Saturday, November 27, 2010

Book Review: 'Killing Ground: The Canadian Civil War' by Bruce Powe

4 / 5 Stars

My sisters live in Buffalo, and whenever I go to visit them and we drive around the city, it’s not at all unusual to see many cars with Ontario license plates in the parking lots of the shopping centers and malls and stadiums. The cross-border visits of the Canadians, who make day or weekend trips into the city to shop and sight-see, helps keep Buffalo from sliding into even greater economic decline.

The Canadians can be distinguished from the locals by their habit of pronouncing some words in a slightly different way; ‘about’, for example, becomes ‘aboot’. The visitors from Ontario are almost always relatively affluent, polite, and well-behaved. 

And they hate the French-Canadians.

Most Americans are only vaguely aware that during the late 60s and throughout the 70s there was a very real possibility that the Francophone province of Quebec would secede from Canada and form an independent nation. The vacillating Canadian government adopted a policy of appeasement, in the hope that by catering as much as possible to the political desires of the Quebec political bloc, the province could be coaxed into staying. 

The moment of truth came in 1980 when Quebec held a referendum on sovereignty (i.e., independence). The referendum was defeated by 60 % of the voters, a resounding margin that sent the independence bloc into a decline from which it has never really recovered. By that time, however, the majority of English-speaking Canadians had come to despise the decades-long policies of pandering to the French contingent, and their resentment smolders to this day.

‘Killing Ground: The Canadian Civil War’ was published in 1968; this paperback edition (349 pp., cover artist unknown) was released in 1977. The novel is set in the future, i.e., in the early 70s, when the main character, Lt. Colonel Alex Hlynka, returns to Canada after serving on a UN Peacekeeping mission in South Africa. He is bemused to find Montreal in the grip of terror bombings carried out by militant separatists of ‘The Quebec Legion’ or PDQ. As the Canadian government dithers over how to respond to the attacks, the Army – with all of its best units on duty overseas – ponders how it will summon up the manpower to police the province of Quebec, should the need arise.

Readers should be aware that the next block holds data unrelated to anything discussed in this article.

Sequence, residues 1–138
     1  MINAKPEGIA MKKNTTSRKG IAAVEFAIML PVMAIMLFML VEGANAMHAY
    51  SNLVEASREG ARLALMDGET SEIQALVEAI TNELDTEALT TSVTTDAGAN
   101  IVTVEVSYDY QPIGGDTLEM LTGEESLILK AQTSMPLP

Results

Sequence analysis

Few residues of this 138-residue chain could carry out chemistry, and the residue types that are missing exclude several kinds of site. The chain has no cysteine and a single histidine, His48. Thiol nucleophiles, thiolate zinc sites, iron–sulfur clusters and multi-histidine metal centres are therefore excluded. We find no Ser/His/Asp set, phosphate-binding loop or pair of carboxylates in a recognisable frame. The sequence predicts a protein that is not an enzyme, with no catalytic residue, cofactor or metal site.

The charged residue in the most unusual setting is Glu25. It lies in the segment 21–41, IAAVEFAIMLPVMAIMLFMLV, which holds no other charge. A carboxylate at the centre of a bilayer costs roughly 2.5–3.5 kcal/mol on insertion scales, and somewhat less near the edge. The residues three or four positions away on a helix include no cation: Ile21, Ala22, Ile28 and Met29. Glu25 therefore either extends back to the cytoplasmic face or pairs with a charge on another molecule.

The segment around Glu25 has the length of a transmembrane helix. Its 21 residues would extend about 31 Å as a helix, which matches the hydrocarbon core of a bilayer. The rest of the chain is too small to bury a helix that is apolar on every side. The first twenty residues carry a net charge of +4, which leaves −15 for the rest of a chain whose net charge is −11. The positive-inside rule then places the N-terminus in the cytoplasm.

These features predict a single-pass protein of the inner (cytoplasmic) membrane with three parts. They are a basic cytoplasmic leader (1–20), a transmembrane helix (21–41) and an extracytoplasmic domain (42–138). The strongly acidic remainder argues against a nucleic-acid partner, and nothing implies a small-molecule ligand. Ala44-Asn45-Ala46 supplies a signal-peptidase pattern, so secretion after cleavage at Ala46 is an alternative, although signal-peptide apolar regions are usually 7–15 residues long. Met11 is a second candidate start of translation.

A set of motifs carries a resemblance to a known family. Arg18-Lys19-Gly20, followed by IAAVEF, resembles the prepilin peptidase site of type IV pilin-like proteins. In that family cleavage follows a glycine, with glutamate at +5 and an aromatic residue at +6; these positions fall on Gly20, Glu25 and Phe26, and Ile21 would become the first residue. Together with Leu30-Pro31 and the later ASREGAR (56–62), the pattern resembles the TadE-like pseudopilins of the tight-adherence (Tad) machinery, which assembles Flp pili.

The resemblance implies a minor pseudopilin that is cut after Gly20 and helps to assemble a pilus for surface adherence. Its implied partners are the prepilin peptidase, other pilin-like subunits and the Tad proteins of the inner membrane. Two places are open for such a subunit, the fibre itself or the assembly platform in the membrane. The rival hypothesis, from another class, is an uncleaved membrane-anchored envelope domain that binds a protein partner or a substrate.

In short order, the separatist party declares independence for Quebec; riots and mob violence break out in Montreal, and government institutions are under siege. Forces of paramilitary units – ‘whiteshirts’ – take control of the government and initiate a campaign to expel English-speaking residents from Quebec. With the crisis mounting, Alex Hlynka is given command of a Royal Canadian Regiment and ordered into action to liberate Dorval Airport in Montreal, where thousands of desperate refugees await transport out of the province. It soon becomes clear that violence between the French Canadians and the Anglo Canadians is inevitable….and Alex Hlynka won’t be in the mood to hold back….

‘Killing Ground’ starts out slowly; the narrative doesn’t pick up speed until after the first 100 pages, but from then on until the book’s last page, the pace moves along at a good clip. Author Powe is skilled at writing blood-drenched battle scenes, and while he does tend to invest a bit too much text on extended descriptions of military matters or internal monologues on the part of Alex Hlynka, these are minor digressions and rarely sap momentum from the plot. The author consciously avoids providing a happy ending, preferring to end things on an ambiguous note with a plot device sure to make all Canadians uneasy. 

‘Killing Ground’ is a good 70s action novel and an interesting examination of the psyche of our neighbors in the Great White North. Keep a map of eastern Canada handy – it helps to know where the various locales are – and be prepared to look up some obscure idioms and cultural references (e.g., ‘Princess Patricia’s Canadian Light Infantry’ ??!!).


sciencefictionruminations said...

You have a great blog here!!!

This book looks, well, like a lot of fun.... I mean, Canadians fighting....

I'll definitely investigate your other posts!

Sarla said...

Great review! Just curious, where did you buy this book? It was a favourite of my dad's in university and I can't find it anywhere and the price is crazy expensive on amazon!
Any help is appreciated, again great review!